Jesus had promised Mother Teresa that he himself would be the one to touch the poor through her. In imitation of Mary, she was called to a life of such union with her Lord as to "be his radiance" on souls. For this, holiness and oneness with Christ would become her all-consuming goal — so to allow Jesus to live his own life in her among the poor.

This required a deep interior life, the diligent practice of prayer, and the total surrender and sacrifice of self — precisely that it might be "he and not she" doing the work. This union was constantly nourished by Jesus' special presence in the Eucharist, received in Communion and adored in silent prayer. From there she went out, carrying him and caring for him at the Calvary of his mystical body. In this way, whether in prayer before the Blessed Sacrament, or following Our Lady's example by "going in haste" before the urgency of Jesus' thirst for love in the poor, she would be with him, united to him, "touching him 24 hours a day."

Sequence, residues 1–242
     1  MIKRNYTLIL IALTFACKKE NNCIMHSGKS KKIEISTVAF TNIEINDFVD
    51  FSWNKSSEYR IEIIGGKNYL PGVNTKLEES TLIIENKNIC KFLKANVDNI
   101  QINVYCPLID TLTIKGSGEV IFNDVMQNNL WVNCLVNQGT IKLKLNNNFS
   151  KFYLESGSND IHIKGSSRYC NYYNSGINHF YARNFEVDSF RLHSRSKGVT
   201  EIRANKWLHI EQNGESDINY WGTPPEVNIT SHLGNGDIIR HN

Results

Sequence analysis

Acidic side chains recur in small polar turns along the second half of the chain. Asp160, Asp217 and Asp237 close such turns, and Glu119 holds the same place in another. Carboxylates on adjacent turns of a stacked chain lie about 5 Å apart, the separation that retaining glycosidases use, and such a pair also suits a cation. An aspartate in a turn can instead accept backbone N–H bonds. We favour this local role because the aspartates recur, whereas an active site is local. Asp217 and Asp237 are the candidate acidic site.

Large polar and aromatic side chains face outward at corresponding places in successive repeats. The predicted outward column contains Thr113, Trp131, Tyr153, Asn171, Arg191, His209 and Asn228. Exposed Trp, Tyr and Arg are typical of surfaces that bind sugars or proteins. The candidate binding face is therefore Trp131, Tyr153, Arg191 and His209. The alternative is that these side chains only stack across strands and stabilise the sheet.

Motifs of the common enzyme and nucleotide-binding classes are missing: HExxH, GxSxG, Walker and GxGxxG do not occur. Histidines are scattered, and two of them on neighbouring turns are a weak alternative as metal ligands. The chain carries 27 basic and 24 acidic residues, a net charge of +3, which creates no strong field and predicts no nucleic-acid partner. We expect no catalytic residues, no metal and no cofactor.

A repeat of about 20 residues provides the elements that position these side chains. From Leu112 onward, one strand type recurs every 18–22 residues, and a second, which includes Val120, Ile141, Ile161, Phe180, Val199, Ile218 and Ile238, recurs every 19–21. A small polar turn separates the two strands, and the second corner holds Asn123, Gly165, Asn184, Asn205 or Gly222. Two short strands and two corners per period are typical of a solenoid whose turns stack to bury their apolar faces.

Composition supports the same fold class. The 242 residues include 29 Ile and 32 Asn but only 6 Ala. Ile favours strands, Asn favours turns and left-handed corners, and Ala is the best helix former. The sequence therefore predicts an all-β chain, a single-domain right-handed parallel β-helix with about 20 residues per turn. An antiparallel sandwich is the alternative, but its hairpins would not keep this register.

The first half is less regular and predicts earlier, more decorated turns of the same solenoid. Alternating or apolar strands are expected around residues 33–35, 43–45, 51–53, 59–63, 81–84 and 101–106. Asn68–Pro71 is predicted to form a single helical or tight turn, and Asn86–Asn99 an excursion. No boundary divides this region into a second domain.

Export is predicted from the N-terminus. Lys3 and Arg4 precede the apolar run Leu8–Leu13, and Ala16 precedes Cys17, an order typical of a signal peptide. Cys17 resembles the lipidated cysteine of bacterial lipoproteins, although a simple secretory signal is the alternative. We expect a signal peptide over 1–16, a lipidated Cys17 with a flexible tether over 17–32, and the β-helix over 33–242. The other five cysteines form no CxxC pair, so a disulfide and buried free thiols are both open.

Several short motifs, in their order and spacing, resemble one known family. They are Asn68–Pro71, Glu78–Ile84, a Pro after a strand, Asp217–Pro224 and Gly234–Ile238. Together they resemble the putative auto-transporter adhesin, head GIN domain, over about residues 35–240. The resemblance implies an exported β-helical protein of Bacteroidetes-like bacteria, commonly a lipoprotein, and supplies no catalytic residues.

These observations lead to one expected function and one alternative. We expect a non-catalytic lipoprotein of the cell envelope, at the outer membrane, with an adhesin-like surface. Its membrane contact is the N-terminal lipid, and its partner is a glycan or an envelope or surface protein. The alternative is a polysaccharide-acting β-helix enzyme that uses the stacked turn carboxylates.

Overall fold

The reality of directly touching Christ in the poor, so precious to Mother Teresa, was the source of her most characteristic expression. Referring to the work for the poor she would always cite Jesus' words "You did it to me," counting them off on her five fingers as the teacher she once was. The great secret of her holiness was the absolute conviction that, no matter how small or humble, every act of charity toward those in need is truly and eternally done to Jesus himself.

Along with Mother Teresa, who will be beatified this Sunday, Father Langford is co-founder of the priestly branch of the Missionaries of Charity.

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Mother Teresa's mission and message have touched not only the poorest of the poor, but those well beyond the slums of Calcutta, as the Church proclaims on this joyful day of her beatification. Today, her words are a message of comfort for countless many across the globe, across all social strata. And for all, her witness remains a moving invitation to serve those more needy than ourselves.